Craniofacial and upper airway morphology in adult obstructive sleep apnea patients: A systematic review and meta-analysis of cephalometric studies

Sleep Med Rev. 2017 Feb:31:79-90. doi: 10.1016/j.smrv.2016.01.007. Epub 2016 Jan 30.


Obstructive sleep apnea (OSA) is one of the common sleep breathing disorders in adults, characterised by frequent episodes of upper airway collapse during sleep. Craniofacial disharmony is an important risk factor for OSA. Overnight polysomnography (PSG) study is considered to be the most reliable confirmatory investigation for OSA diagnosis, whereas the precise localization of site of obstruction to the airflow cannot be detected. Identifying the cause of OSA in a particular ethnic population/individual subject helps to understand the etiological factors and effective management of OSA. The objective of the meta-analysis is to elucidate altered craniofacial anatomy on lateral cephalograms in adult subjects with established OSA. Significant weighted mean difference with insignificant heterogeneity was found for the following parameters: anterior lower facial height (ALFH: 2.48 mm), position of hyoid bone (Go-H: 5.45 mm, S-H: 6.89 mm, GoGn-H: 11.84°, GoGn-H: 7.22 mm, N-S-H: 2.14°), and pharyngeal airway space (PNS-Phw: -1.55 mm, pharyngeal space: -495.74 mm2 and oro-pharyngeal area: -151.15 mm2). Significant weighted mean difference with significant heterogeneity was found for the following parameters: cranial base (SN: -2.25 mm, S-N-Ba: -1.45°), position and length of mandible (SNB: -1.49° and Go-Me: -5.66 mm) respectively, maxillary length (ANS-PNS: -1.76 mm), tongue area (T: 366.51 mm2), soft palate area (UV: 125.02 mm2), and upper airway length (UAL: 5.39 mm). This meta-analysis supports the relationship between craniofacial disharmony and obstructive sleep apnea. There is a strong evidence for reduced pharyngeal airway space, inferiorly placed hyoid bone and increased anterior facial heights in adult OSA patients compared to control subjects. The cephalometric analysis provides insight into anatomical basis of the etiology of OSA that can influence making a choice of appropriate therapy.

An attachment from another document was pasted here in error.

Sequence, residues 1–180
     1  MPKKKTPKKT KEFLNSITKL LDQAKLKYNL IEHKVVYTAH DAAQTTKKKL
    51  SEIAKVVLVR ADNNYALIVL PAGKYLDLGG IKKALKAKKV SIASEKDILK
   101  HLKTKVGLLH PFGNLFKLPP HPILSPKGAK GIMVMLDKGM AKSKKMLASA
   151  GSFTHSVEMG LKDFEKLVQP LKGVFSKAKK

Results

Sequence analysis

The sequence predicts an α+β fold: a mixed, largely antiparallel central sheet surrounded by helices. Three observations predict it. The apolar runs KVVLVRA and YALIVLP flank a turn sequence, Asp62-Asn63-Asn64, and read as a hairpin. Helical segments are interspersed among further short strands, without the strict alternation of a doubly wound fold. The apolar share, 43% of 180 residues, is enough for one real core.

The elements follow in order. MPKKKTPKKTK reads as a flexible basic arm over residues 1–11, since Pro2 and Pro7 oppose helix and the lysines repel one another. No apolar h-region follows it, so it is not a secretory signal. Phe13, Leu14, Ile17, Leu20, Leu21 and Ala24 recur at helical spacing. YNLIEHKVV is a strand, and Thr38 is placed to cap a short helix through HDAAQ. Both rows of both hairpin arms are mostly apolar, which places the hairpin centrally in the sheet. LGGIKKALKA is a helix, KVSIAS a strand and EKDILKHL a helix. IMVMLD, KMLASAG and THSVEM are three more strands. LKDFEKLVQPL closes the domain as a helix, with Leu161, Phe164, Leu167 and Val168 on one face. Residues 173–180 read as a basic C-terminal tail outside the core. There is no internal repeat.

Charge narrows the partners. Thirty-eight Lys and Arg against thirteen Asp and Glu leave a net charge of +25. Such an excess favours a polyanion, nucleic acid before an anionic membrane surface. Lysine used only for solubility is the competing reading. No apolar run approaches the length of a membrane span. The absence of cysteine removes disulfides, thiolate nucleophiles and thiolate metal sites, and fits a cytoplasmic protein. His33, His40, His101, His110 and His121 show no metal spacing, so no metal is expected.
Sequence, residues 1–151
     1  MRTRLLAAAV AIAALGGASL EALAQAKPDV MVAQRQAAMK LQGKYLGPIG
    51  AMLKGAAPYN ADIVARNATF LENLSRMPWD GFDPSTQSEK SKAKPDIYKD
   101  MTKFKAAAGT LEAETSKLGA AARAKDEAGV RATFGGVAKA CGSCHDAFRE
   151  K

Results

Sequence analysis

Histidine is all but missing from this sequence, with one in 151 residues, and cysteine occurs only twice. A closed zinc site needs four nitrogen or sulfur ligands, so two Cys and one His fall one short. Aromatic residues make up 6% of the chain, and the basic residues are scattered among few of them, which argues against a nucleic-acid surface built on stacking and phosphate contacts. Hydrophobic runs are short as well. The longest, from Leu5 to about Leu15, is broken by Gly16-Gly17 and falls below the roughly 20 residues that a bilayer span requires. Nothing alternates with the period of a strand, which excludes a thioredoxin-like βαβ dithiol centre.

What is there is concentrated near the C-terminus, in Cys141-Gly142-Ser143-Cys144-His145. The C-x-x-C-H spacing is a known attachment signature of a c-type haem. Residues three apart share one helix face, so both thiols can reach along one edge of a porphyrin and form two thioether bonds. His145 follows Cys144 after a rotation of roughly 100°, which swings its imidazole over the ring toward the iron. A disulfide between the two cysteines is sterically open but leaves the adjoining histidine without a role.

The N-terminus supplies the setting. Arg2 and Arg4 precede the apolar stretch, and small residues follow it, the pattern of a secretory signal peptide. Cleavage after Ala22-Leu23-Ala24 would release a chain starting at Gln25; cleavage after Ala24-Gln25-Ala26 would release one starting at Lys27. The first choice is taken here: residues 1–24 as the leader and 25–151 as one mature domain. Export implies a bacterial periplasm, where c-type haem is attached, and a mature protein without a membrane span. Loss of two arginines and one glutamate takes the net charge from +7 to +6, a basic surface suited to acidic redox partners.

Keywords: Craniofacial morphology; Meta-analysis; Obstructive sleep apnea (OSA); Polysomonography (PSG); Systematic review.

Publication types

  • Meta-Analysis
  • Review
  • Systematic Review

MeSH terms

  • Cephalometry*
  • Craniofacial Abnormalities*
  • Humans
  • Pharynx / pathology
  • Polysomnography
  • Sleep Apnea, Obstructive / etiology
  • Sleep Apnea, Obstructive / pathology*
  • Sleep Apnea, Obstructive / physiopathology